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A movie with an interesting view of marriage as social convention
This movie has a lot of interesting things to say about marriage. Primarily its message is that marriage is a social convention. Women get married because marriage offers "protection." The emphasis in this movie is on social protection: marriage will protect women from malicious social gossip and from other lecherous males.
John Neville (Joel McCrea) asks live-in girlfriend Valerie West (Constance Bennett) to marry him because he's "in love." She says she wants to wait because she wants to be sure that their love will last. When she marries, she wants it "to be for keeps." As she says, "I'm really quite an old-fashioned girl -- well, with some modern decorations." Valerie soon changes her mind when John's sister (played by Hedda Hopper) arranges a boat cruise inviting his father (played by Walter Walker), her former lover (played by Lew Cody), and another girl interested in John. Unable to stand the social awkwardness, the gossip, and the blatant advances of her former beau, Valerie decides that perhaps getting married even though she's not sure it will last is the best way to go after all.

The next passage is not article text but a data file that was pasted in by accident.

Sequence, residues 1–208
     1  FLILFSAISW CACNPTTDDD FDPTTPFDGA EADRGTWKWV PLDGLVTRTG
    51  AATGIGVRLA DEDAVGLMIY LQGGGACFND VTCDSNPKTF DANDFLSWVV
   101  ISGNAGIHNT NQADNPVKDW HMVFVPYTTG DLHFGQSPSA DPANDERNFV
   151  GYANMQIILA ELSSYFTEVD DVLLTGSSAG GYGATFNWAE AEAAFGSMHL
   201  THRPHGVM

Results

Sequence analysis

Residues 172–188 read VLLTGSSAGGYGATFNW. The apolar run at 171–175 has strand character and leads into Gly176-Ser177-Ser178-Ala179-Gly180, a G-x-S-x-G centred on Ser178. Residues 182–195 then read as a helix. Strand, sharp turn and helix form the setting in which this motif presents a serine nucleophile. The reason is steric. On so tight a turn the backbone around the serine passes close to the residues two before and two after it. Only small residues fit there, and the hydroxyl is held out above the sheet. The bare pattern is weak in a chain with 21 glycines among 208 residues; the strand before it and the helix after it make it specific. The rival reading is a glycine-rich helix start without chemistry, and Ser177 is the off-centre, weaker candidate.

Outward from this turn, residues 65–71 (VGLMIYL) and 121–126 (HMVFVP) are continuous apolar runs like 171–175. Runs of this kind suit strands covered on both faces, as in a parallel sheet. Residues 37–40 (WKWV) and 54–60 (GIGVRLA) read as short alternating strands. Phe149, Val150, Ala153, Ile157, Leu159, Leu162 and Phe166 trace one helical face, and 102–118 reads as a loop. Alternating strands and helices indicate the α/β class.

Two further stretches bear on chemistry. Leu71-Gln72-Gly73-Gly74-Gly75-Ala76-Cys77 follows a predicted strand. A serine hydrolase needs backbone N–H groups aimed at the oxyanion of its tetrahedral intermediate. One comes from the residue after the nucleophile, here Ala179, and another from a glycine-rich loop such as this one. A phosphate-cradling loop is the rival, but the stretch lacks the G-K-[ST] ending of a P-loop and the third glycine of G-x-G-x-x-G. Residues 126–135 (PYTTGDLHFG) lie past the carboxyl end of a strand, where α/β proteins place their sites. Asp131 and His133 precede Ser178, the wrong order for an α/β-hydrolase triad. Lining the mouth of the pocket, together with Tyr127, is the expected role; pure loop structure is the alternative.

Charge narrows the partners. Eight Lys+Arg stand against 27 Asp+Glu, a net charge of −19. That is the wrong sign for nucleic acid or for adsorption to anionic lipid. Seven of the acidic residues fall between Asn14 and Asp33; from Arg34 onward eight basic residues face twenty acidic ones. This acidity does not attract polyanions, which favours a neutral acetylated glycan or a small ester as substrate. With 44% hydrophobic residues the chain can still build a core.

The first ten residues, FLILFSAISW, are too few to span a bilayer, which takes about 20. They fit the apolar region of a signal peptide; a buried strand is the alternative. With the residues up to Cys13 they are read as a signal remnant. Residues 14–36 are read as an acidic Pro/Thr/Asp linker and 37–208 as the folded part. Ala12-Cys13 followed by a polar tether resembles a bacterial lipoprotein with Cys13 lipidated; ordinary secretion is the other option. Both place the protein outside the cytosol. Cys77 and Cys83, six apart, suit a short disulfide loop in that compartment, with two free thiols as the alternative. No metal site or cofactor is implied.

A critique about society's views of women and marriage, this movie also boasts strong performances by Hedda Hopper as John's sister and Walter Walker as John's father. Hedda is particularly good as the nasty, bitchy hypocrite Claire Collis, who does all she can to break John and Valerie up while feigning ignorance about it. Constance Bennett also gives a strong performance as Valerie.
Being that this was a pre-Code and Constance's character was supposed to be a nude model, I had hoped that they might have snuck in some flashes of skin. Unfortunately, they don't. Even the portraits of Constance nude cover up the private areas. There is some nudity in the film though, a long shot of a group of presumably naked women posing on a float during a raucous French party.
Given the performances and the interesting message the movie has, I'd give it a 7/10.
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